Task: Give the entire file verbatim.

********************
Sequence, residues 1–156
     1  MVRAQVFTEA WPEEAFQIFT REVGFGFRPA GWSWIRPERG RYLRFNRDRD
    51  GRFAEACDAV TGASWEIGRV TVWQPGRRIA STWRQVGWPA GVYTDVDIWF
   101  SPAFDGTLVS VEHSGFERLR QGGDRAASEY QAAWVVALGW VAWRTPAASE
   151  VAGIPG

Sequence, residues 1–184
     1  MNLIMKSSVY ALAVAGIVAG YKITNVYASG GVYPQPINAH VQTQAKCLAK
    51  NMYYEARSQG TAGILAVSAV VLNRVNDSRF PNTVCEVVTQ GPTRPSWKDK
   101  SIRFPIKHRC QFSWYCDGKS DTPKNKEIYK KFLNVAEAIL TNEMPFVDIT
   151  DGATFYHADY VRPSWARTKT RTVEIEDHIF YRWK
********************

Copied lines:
Sequence, residues 1–156
     1  MVRAQVFTEA WPEEAFQIFT REVGFGFRPA GWSWIRPERG RYLRFNRDRD
    51  GRFAEACDAV TGASWEIGRV TVWQPGRRIA STWRQVGWPA GVYTDVDIWF
   101  SPAFDGTLVS VEHSGFERLR QGGDRAASEY QAAWVVALGW VAWRTPAASE
   151  VAGIPG

Sequence, residues 1–184
     1  MNLIMKSSVY ALAVAGIVAG YKITNVYASG GVYPQPINAH VQTQAKCLAK
    51  NMYYEARSQG TAGILAVSAV VLNRVNDSRF PNTVCEVVTQ GPTRPSWKDK
   101  SIRFPIKHRC QFSWYCDGKS DTPKNKEIYK KFLNVAEAIL TNEMPFVDIT
   151  DGATFYHADY VRPSWARTKT RTVEIEDHIF YRWK